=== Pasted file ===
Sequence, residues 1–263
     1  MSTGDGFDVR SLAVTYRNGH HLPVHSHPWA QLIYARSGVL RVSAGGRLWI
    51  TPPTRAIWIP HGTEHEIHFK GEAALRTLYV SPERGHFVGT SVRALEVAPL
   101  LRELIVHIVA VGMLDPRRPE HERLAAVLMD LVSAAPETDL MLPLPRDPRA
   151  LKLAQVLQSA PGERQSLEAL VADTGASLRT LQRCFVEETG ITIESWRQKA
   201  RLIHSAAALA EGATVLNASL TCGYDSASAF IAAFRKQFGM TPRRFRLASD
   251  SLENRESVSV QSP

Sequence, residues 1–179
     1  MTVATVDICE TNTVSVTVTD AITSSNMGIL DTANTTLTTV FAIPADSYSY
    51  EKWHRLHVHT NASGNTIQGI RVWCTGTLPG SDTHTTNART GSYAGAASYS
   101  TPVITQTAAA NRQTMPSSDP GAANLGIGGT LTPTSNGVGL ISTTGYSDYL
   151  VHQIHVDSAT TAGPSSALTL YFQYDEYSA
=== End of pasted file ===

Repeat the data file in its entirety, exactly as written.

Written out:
Sequence, residues 1–263
     1  MSTGDGFDVR SLAVTYRNGH HLPVHSHPWA QLIYARSGVL RVSAGGRLWI
    51  TPPTRAIWIP HGTEHEIHFK GEAALRTLYV SPERGHFVGT SVRALEVAPL
   101  LRELIVHIVA VGMLDPRRPE HERLAAVLMD LVSAAPETDL MLPLPRDPRA
   151  LKLAQVLQSA PGERQSLEAL VADTGASLRT LQRCFVEETG ITIESWRQKA
   201  RLIHSAAALA EGATVLNASL TCGYDSASAF IAAFRKQFGM TPRRFRLASD
   251  SLENRESVSV QSP

Sequence, residues 1–179
     1  MTVATVDICE TNTVSVTVTD AITSSNMGIL DTANTTLTTV FAIPADSYSY
    51  EKWHRLHVHT NASGNTIQGI RVWCTGTLPG SDTHTTNART GSYAGAASYS
   101  TPVITQTAAA NRQTMPSSDP GAANLGIGGT LTPTSNGVGL ISTTGYSDYL
   151  VHQIHVDSAT TAGPSSALTL YFQYDEYSA